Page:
Wallace Thornhill (1942 to present) or Wal as he is known, graduated in Physics at Melbourne University in 1964 and began postgraduate studies with Prof. Victor Hopper’s upper atmosphere research group. Before entering university, he had been inspired by Immanuel Velikovsky through his controversial best-selling book, Worlds in Collision. Wal experienced first-hand the indifference and sometimes hostility toward a radical challenge to mainstream science. He realized there is no career for a heretic in academia.
Wal worked for 11 years with IBM Australia. The later years were spent in the prestigious IBM Systems Development Institute in Canberra, working on the first computer graphics system in Australia. He was the technical support for the computing facilities in the Research Schools at the Australian National University, which gave him excellent access to libraries and scientists there.
Henry Austen Layard (1817 – 1894)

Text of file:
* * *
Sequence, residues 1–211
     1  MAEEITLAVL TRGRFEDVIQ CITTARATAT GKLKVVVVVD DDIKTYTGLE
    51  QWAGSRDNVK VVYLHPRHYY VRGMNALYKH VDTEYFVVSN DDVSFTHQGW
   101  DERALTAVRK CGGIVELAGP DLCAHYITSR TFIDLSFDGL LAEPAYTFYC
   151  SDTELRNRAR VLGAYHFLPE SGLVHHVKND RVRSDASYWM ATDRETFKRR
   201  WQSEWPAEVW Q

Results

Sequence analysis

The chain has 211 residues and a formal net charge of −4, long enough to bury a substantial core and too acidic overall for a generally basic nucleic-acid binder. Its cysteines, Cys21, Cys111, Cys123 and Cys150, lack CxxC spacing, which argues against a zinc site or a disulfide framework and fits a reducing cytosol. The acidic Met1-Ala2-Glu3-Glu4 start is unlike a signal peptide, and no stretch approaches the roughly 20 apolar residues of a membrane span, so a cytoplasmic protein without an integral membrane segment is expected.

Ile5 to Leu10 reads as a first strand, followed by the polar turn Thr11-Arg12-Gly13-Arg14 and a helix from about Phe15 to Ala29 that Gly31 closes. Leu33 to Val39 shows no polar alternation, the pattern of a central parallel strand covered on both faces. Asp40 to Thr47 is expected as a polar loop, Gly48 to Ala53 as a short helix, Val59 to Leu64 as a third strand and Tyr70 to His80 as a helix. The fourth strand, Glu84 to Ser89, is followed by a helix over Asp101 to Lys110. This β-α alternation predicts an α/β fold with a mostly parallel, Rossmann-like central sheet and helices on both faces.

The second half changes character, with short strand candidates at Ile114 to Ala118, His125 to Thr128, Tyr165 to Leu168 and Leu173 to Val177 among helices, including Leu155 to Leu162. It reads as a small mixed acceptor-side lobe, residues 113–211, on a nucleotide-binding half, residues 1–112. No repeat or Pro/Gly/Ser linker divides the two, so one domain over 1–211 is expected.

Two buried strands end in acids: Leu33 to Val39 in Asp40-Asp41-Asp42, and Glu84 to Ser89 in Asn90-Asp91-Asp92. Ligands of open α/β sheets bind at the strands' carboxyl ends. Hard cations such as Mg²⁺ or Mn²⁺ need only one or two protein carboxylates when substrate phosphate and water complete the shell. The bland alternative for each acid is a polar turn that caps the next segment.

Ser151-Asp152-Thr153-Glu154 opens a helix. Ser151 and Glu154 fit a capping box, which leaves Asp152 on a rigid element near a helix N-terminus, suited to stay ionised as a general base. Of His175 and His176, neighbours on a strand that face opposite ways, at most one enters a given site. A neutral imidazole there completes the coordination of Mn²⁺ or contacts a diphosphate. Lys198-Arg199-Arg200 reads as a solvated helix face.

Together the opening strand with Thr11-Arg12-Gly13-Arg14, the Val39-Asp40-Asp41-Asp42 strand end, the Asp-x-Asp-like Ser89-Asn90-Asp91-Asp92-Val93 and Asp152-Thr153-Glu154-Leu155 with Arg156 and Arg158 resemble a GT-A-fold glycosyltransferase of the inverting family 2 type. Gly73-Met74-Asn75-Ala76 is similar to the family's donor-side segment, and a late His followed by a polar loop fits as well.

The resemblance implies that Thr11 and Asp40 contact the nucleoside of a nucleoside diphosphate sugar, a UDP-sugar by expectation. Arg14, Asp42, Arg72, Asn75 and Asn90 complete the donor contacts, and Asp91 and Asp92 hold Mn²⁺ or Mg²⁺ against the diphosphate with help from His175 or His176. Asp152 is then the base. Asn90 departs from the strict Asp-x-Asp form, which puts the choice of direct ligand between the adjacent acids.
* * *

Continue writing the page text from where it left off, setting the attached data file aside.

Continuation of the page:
In the spring of 1817, in Paris, Henry and Marianne Layard gave birth to a son who was to make his mark on the world of Archaeology, then a relatively new discipline to the passions of mankind. It is pertinent to remind the reader that his birth was immediately following the turmoil of the Napoleonic wars. Both England and France, weary over the desolation of some thirty years of war, were to turn their national psyches to far more creative pursuits. Adventure and excitement were no longer to be gained on the battlefront and the era of great scientists, botanists and technologists were to change the human race dramatically. In Layard’s time personalities such as Darwin, Agassiz and Watt were typical of pinnacles that represented the new face of achievement in a world thirsty for knowledge in fresh arenas. The explosive growth of Archaeology from perhaps a souvenir gathering pastime to a respected science was driven by such pioneers as Layard, Botta, Champollion and the like. To contemplate why this growth occurred is beyond our present scope but one suspects that such endeavors can only flower in times of peace and for Layard and his contemporaries such a time was about to begin. Further to this, it is important, in our judgments, to remind the reader that Layard and his ilk were relative pioneers and should not be judged from our rigorous modern archaeological viewpoint. Rather, as Churchill is often quoted as urging, use the standards of the era in which that history unfolds.